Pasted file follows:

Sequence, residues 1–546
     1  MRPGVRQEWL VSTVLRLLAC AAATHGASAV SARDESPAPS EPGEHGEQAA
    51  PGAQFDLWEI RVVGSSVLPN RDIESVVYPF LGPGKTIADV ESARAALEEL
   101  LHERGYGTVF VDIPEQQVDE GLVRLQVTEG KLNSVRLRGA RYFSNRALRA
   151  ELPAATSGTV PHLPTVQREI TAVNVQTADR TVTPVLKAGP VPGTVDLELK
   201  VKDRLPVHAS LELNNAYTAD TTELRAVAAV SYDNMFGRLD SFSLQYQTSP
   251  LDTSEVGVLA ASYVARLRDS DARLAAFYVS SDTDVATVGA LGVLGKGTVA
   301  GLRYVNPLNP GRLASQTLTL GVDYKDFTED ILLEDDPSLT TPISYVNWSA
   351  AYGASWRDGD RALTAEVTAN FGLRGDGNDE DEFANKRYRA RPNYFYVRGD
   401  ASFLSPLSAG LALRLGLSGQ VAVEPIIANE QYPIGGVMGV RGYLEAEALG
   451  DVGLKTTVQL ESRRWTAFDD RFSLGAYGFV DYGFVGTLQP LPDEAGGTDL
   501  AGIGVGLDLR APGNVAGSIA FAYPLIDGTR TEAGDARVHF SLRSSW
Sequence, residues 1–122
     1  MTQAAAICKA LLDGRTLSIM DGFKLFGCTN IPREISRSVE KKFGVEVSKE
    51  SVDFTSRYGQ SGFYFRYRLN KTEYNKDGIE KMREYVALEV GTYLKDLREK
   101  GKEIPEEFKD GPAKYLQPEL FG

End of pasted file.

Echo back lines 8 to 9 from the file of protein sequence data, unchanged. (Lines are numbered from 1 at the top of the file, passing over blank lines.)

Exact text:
   301  GLRYVNPLNP GRLASQTLTL GVDYKDFTED ILLEDDPSLT TPISYVNWSA
   351  AYGASWRDGD RALTAEVTAN FGLRGDGNDE DEFANKRYRA RPNYFYVRGD